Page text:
Chopping Mall [Killbots] (1986)

All, right, all right, I admit it:

I like this one.

Even if it was directed by Jim Wynorski.

Jim, of course, is responsible for one of the worst films I’ve seen, The Thing Below, and has had a long and very busy career making cheap exploitation films, frequently involving monsters and girls with large breasts.

Emphasis on the latter.

But somehow his second film, Chopping Mall, is one of those B-Movies which achieves something not far from cheap exploitation film perfection.  Built around a simple premise and a great location, it offers a fairly straightforward sort of teen horror comedy, with lots of action and suspense — with a bit of post-modern referencing going on in the background for all the hardcore film fans out there.

So what’s so great about Chopping Mall?

Well, for starters, it’s got Killer robots.

And, let’s be honest, killer robots will make almost any movie better.  Particularly the exploitation ones.

It also has Walter Paisley.

Remember him? the nebbishy janitor from A Bucket of Blood?  He’s here, stuck mopping the floor after mall hours, complete with a name tag so you know exactly who he is.  He’s played once again by Roger Corman and Joe Dante favorite (and frequent cameo star), Dick Miller.

Mind you, he only gets a few minutes before the robots get him.

Now the basic plot should be familiar to anyone who watched a horror film in the Eighties.  A group of young people decide to get together for a big party.

Only, instead of a lonely cabin in the woods, they pick the local mall.

To be precise, the furniture store where three of the guys work, which has plenty of beds and couches available so those horny youngsters can make out and drink beer after the store closes for the night.

I guess Camp Crystal Lake was booked.

Unfortunately, this is the night the new security robots go online.  And we all know that what every mall needs is a gang of scary looking robots to roam the place after hours, subduing anyone who doesn’t belong there.

I mean, it couldn’t possibly be a bad idea, right?

Unfortunately, the lightning that brought Johnny 5 to life in Short Circuit hits the mall office, only the polarity must have been reversed: instead of friendly and naive robot buddies, they turn into bloodthirsty killers and proceed to wipe out everyone in the mall.

Well, except those randy teens.  When they go after the kids, the kids team up and fight back.

After all, if you’re being attacked by a gang of killer robots, can you think of anywhere you could find more weapons that in a big shopping mall?

Which gives us explosions, fire, a bit of gore, and a lot of clever plans and improvised weapons — most of which don’t work particularly well.

And what more could you ask of any great exploitation film?

Other than a couple of pairs of naked breasts, that is?

Which we’ve got here as well.

Now I need to note that the robots don’t actually have chainsaws, sawblades, knives or axes, so there isn’t any chopping going on.  Instead, they have tasers, lasers and can fire tranquillizer darts.  They do a bit of damage with their claws, but they don’t look particularly strong, so I suspect it was a deliberate choice not to use them much.  After all, they were built using commercially available reachers and believe me those aren’t strong!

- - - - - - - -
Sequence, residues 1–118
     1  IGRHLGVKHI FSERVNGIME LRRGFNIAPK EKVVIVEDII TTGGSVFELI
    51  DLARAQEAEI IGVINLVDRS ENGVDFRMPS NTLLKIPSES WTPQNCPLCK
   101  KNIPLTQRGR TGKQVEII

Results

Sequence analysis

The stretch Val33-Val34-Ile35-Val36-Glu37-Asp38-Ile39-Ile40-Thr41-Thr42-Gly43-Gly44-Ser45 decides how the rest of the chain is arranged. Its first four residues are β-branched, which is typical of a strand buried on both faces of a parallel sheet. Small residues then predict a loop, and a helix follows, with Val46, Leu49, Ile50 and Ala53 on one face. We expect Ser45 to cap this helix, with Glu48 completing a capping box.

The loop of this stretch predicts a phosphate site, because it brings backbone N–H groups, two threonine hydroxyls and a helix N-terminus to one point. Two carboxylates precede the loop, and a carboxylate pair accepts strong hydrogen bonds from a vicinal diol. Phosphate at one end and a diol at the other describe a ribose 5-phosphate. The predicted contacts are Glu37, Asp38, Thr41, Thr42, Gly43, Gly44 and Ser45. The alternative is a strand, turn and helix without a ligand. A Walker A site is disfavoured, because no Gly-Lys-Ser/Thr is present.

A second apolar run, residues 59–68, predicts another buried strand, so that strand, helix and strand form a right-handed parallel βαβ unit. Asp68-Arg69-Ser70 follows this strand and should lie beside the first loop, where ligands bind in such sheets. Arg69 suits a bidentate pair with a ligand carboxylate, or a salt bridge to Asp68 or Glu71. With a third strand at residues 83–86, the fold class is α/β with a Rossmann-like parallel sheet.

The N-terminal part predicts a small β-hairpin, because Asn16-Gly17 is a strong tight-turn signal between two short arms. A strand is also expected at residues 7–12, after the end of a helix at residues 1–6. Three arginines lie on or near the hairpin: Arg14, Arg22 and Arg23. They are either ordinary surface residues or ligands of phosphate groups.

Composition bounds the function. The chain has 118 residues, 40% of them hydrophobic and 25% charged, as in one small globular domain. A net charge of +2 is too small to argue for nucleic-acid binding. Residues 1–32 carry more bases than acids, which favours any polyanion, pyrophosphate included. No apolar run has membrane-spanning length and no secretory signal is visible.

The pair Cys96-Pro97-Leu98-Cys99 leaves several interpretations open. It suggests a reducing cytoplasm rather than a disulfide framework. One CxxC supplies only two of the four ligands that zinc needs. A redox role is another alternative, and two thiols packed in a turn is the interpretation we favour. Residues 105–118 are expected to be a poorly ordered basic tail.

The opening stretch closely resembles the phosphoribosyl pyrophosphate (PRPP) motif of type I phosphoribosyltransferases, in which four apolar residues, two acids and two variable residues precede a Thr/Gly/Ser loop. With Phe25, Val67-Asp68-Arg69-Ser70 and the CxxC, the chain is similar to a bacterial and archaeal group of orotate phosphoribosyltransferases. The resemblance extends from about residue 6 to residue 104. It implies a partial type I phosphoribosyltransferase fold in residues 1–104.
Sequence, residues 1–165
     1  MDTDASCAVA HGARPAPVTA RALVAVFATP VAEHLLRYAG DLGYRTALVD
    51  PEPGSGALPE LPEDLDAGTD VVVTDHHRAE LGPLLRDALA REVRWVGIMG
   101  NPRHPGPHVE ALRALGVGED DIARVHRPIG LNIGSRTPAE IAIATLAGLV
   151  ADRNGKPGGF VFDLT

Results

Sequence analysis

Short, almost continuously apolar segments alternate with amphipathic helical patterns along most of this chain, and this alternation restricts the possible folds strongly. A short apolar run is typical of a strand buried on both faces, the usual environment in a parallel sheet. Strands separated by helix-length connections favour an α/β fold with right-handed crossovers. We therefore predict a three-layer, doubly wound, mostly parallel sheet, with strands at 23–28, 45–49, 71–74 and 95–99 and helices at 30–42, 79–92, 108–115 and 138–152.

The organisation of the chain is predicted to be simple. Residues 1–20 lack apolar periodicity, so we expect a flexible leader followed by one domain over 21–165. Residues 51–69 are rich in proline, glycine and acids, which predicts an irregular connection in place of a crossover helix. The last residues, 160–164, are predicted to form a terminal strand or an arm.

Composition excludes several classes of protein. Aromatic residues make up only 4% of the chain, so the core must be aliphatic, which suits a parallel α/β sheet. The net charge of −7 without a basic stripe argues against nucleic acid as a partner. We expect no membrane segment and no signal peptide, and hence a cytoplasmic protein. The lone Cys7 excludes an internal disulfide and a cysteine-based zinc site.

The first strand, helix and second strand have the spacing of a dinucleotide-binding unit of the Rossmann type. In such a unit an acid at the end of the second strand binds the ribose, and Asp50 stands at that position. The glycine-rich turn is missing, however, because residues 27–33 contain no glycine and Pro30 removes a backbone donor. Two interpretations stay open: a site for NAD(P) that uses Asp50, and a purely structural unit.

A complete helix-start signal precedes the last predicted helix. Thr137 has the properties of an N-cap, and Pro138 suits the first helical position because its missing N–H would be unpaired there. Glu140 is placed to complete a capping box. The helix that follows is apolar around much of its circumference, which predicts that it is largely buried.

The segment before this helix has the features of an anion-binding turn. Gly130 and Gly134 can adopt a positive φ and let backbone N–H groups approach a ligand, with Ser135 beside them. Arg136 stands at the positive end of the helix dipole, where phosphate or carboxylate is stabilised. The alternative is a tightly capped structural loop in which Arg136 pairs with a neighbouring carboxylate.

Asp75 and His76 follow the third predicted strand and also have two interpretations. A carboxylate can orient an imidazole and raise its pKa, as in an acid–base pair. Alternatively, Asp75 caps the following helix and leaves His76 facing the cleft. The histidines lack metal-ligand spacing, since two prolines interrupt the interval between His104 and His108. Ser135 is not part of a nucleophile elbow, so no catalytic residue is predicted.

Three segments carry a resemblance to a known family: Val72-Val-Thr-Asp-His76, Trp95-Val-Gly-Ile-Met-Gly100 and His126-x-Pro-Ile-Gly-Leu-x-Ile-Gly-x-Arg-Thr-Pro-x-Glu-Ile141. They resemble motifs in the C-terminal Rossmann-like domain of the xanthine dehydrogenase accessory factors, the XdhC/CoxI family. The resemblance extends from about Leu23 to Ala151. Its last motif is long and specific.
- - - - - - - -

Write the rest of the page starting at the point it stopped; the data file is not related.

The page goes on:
I doubt if they “borrowed” the lightning-brings-robot-to-life idea from Short Circuit as they both came out the same year.  However, it is intriguing that Wes Craven’s Deadly Friend also came out in 1986.

I guess it was a good year for robots getting brought to life.

The original title, Killbots does seem a far better description.  However, their assignment was to make a horror film set in a shopping mall, so I suppose all that really matters is that they got the word “mall” in the title.  Roger Corman’s daughter Julie produced this one — and, as it was her first production job, she and Jim were trying very hard to please Daddy.   This may account for why the film turned out so well, but I’m sure it helped that they had Keli Maroney (who had a brief moment of fame in films like Night of the Comet and Fast Times at Ridgemont High) in the lead, as well as cult Favorite Barbara Crampton, fresh off her role in Reanimator.

But it is the nice little postmodern touches that really make this film work.  After a short opening in which one of the Protector robots takes out an intruder, big letters proclaiming “the end” appear and we learn we’ve just been watching a promotional video for the security company.  Angus Scrimm — best known as Phantasm‘s Tall Man — has a brief cameo as “Doctor Carrington” (the scientist from The Thing from Another World) while Paul Bartel and Mary Woronov reprise their roles as the Blands from Eating Raoul in a series of improvised sarcastic asides.

At one point, two characters watch Corman’s Attack of the Crab Monsters, and there are posters for Corman films scattered all over the mall.

Which is not merely postmodern, but good advertising as well when you stop to think about it.

Oh, well.  It’s a silly little film and you can’t think too hard about it.  But, while it isn’t a great film it is a lot of fun and doesn’t take itself too seriously,

Even if it does manage to make those robots seem very threatening.

This is as perfect a midnight movie as you are likely to find.  Although I will warn you:

You may find yourself feeling a bit uncomfortable around your Roomba…

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Which this time focuses on…Mike Nesmith???

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